I own (and I am looking to sell) a USE Alien Suspension Seatpost-27.5.   You can check the mtbr reviews on this product, it is very highly regarded.  It does add a ton of 'comfort' and seated control with little fuss to a hard tail....if that's what you're looking for.


Bigger tires run tubeless are one of the keys to comfortable all mountain bliss.  Josh is right about that 100%.


I also use Ergon grips (small)---Some folks love 'em, some hate them, they're not for everyone, but for me, they added a ton of comfort, reduction in arm, wrist, and neck pain.  I won't ride anything else for grips.

Liam


jim-ratliff

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Re: Carbon bars, seatpost
« Reply #17 on: September 06, 2012, 07:59:41 am »
For over a year, I've been fighting a very sore left hand at the base of the thumb joint. Research, via the net, indicated arthritis as the most probable cause, and, I just had that confirmed via x-ray. Damn the aging process. >:(  It's surprising how much a small jolt can inflict a fair amount of pain. My thumb can also become very weak, no problem on a road bike, but, this fall I will need to change the thumb shifter on my cross bike to permit shifting with my hand grip.
Living Proof: I hear you. I had a blast injury to my left hand back in 1972 that almost severed my left thumb. I still have very limited range of motion, little strength, and only about an inch of web space between the thumb and first finger (but I can hold a ski pole). The damage was my biggest reason for the K-Wing bar, longer rides with round bar became quite uncomfortable in the web space. The flatter top section allows me to get more of my palm on the top of the bar with fingers wrapped around and under. Much more comfortable for me now that I've gotten the pressure off of the area between the thumb and finger.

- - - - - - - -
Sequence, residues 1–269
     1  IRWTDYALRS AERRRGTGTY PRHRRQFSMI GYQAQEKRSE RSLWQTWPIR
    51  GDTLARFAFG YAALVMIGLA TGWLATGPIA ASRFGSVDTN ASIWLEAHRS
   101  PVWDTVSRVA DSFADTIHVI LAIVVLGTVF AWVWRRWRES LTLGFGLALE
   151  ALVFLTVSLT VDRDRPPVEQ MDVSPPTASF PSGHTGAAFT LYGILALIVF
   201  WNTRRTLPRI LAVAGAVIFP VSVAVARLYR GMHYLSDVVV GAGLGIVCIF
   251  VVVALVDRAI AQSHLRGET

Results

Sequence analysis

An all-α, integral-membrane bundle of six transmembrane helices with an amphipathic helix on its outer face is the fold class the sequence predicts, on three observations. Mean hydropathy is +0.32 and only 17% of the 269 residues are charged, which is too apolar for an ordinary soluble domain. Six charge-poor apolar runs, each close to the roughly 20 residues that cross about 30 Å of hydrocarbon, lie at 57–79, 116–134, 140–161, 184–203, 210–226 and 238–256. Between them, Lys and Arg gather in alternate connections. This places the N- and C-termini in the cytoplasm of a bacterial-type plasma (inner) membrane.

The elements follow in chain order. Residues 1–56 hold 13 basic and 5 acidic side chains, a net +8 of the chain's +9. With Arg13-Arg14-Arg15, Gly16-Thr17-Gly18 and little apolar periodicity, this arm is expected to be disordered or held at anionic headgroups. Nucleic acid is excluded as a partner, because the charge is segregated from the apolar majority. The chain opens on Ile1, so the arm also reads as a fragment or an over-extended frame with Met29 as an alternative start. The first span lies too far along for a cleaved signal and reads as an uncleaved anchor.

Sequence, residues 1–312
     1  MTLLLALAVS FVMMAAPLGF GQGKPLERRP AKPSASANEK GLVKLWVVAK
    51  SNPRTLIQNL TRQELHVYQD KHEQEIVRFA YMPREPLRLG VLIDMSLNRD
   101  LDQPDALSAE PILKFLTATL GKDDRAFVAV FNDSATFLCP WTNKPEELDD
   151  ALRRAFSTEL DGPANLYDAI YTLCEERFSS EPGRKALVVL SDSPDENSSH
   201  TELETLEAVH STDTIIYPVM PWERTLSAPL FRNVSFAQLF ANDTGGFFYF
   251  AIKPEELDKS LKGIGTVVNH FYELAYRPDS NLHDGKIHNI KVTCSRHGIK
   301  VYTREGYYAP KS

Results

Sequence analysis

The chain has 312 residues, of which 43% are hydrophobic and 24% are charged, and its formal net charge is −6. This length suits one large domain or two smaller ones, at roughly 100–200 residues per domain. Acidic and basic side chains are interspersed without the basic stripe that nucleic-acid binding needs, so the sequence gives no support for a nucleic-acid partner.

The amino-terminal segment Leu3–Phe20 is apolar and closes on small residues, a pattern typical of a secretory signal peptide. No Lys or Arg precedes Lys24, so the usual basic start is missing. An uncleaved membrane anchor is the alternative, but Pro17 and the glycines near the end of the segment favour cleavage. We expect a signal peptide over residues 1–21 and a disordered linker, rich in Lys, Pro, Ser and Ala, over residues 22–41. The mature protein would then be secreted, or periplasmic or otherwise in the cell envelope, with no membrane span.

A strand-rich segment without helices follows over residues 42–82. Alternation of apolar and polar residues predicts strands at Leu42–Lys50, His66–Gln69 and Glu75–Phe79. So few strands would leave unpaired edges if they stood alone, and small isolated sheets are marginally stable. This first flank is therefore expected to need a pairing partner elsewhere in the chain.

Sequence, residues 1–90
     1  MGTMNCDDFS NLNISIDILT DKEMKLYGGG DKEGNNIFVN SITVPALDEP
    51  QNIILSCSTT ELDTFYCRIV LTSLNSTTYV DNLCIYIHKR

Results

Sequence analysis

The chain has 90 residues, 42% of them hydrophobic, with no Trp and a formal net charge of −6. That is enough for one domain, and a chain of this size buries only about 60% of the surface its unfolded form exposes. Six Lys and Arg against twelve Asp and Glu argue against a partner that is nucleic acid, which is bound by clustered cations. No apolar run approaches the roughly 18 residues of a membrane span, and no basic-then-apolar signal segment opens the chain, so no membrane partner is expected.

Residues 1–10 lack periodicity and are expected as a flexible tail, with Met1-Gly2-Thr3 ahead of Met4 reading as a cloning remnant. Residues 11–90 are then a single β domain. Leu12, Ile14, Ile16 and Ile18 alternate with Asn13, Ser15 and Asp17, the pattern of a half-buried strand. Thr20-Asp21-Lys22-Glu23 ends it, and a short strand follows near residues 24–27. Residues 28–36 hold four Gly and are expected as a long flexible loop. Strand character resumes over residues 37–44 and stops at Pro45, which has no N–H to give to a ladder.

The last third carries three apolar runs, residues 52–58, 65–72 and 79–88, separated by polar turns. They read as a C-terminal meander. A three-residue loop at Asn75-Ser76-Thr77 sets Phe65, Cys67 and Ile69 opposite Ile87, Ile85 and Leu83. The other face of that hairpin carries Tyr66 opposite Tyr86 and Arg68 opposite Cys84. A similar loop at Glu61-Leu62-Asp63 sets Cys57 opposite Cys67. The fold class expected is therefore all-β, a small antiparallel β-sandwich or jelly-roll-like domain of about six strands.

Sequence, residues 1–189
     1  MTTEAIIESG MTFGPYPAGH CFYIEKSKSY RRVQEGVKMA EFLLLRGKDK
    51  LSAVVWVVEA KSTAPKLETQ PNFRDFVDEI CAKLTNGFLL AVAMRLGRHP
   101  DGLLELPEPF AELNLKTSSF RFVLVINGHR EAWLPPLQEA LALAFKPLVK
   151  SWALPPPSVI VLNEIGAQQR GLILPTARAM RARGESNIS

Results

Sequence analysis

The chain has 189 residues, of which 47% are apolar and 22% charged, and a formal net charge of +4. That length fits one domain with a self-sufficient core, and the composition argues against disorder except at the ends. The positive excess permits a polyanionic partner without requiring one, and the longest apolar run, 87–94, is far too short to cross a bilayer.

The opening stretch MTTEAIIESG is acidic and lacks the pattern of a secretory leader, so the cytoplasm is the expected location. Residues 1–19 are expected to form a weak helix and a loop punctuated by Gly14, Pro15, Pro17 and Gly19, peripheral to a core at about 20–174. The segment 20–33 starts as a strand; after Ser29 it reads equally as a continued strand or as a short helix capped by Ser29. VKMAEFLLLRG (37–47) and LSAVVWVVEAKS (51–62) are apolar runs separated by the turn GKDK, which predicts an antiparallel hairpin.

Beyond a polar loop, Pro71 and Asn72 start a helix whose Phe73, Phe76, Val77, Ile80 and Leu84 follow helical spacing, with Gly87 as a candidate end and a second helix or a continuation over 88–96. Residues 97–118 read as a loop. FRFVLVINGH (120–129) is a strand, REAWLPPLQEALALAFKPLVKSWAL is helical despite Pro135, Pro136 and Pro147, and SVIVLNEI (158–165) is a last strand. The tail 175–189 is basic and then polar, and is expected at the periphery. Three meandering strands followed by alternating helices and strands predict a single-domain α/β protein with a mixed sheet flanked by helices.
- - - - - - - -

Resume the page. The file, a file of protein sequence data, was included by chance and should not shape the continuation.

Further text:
For my mountain bike thumb shifter, I reach across and shift the left thumb trigger with my right hand, and that works just fine for me. In fact, I'll bet I'm smooth enough at it that Lynn has never even noticed.

My son had grip shifts on an old, upper end Cannondale bike, and I really didn't like the feel. I would certainly test ride grip shifters before making that transition.

PS.
The FSA K-Wing Aero bar is a wing shaped bar (as opposed to round), not aero bars like tri-athletes ride. They are also a more compact drop, so riding in the drops is more comfortable than the drops on standard road bars.
« Last Edit: September 06, 2012, 08:35:13 am by jim-ratliff »
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Svend

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Re: Carbon bars, seatpost
« Reply #18 on: September 06, 2012, 10:50:42 am »
LP -- re. the shifting troubles on your cross bike; are you using flat bars with mtn. bike shifters? If so, what part of the shifting motion is causing pain? Just the movement itself, regardless of how much resistance is presented by the levers? Or only on one of the levers, which happens to be very stiff and hard to move (ie. the upshift lever, left hand, large paddle)? If you elaborate a bit, perhaps I can suggest a fix.  I am thinking that if it's only when you apply a lot of pressure to the big lever (upshift), and we can ease the resistance, then you might be good (?).  Specifically what I am getting at is that there is can be significant resistance at the lever that is caused by friction in the entire line from shift mechanism to derailleur, and alleviated that friction can make shifting much smoother and lighter.